"After a stiff resistance, the 27th Jager retired toward the Gemioncourt farm. Two companies of the battalion were deployed in the farm's gardens, the remaining companies were stationed to their front and left, 200 paces away.... The young soldiers of Westenberg's 5th Militia had their baptism of fire here, suffering severely from French howitzers. As Jamin's brigade moved in to assault the farm, two companies of the 5th Militia moved forward to support the two companies of the 27th Jager holding the farm gardens. At the same time the four center companies of the Jager battalion were in the process of withdrawing when Piré's chasseurs struck them, inflicting heavy losses, and scattering many survivors who were only able to rejoin their unit that night." Peter Hofschröer, 1815: The Waterloo Campaign, p. 292.
"The sight of reinforcements encoraged the 5th Militia to hang on north of Gemioncourt. They moved forward and stormed the farm at bayonet point, cleared away Jamin's skirmishers from the walls and fields, and then deployed in a line to the south of the farm. Some of the French held on in the farm itself, however." Hofschröer, 1815: The Waterloo Campaign, p. 293.
"Next a column of French cavalry and infantry from Jamin's brigade moved east of Gemioncourt. The Prince of Orange sent Merlen an order to charge this column, while he reorganised the 5th Militia and 27th Jager to attack its flank. The French were driven off with heavy losses and briefly forced to abandon Gemioncourt." Hofschröer, 1815: The Waterloo Campaign, p. 293.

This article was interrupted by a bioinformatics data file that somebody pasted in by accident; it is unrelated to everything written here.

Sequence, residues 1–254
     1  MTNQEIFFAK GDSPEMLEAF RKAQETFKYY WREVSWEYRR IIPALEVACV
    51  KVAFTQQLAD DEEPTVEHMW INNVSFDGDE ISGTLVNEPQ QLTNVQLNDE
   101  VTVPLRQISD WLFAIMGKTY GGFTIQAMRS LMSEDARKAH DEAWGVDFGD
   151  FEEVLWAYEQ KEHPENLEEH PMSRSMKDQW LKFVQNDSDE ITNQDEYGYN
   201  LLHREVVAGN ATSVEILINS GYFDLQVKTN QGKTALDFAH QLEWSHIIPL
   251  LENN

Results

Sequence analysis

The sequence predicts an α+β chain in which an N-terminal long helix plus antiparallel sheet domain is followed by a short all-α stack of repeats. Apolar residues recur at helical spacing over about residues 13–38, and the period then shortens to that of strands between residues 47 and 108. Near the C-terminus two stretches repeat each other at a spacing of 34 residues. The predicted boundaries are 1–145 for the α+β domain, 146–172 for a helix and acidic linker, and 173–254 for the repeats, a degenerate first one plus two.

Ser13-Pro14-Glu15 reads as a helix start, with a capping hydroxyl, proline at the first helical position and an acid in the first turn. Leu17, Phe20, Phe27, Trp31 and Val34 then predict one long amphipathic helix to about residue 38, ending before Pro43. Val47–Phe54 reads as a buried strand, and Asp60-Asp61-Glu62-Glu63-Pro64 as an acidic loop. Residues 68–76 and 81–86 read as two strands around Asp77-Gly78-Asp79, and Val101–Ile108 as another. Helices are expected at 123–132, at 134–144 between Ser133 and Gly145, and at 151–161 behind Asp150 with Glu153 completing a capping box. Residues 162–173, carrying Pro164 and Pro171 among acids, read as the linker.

"The Duke of Brunswick accompanied his Life Battalion until it came under the cover of the skirmishers of the Lüneburg Landwehr. After having a brief conversation with Colonel Best, the Duke set himself at the head of his Uhlan Squadron, and attacked the French 1st Light Regiment from Jérôme's 6th Division which was now moving up in support of Foy. The fire of this square drove the Brunswickers back in disorder. The Duke then returned to his Life Battalion who were being attacked by Piré's chasseurs à cheval and lancers, as well as Jérôme's battalions. During this action the Duke of Brunswick was mortally wounded, at the head of his young soldiers, and had to be carried away. The Duke was on his horse about 25 paces in front of the battalion when he came under fire, probably from some of the French lancers. First his horse was struck, and fell, then a second salvo hit the Duke, inflicting the fatal wound. He was rescued by Corporal Kübel and Jäger Rekau of the 1st Company, and Hornist Aue of the 3rd. They carried him to the battalion, using their muskets as a stretcher. Coming under heavy artillery fire here, they took their wounded charge to the Namur road where Major von Wachhlotz relieved them. That night, Colonel Olfermann, until then second-in-command of the Brunswick Corps, wrote the following report to his government:
...our much-loved Duke...was hit by a musket ball which smashed through one hand, his abdomen and his liver. This tragic incident occurred about 6 PM when His Grace was personally leading two battalions against a strong enemy column which was threatening our entire right flank. Despite being heavily outnumbered, it held back the enemy for a long time, but finally had to fall back on the second line. The last words the Duke spoke before his death were to Major von Wachholtz, and were, 'Oh, my dear Wachholtz, where is Olfermann?'"
Peter Hofschröer, 1815: The Waterloo Campaign, p. 300.
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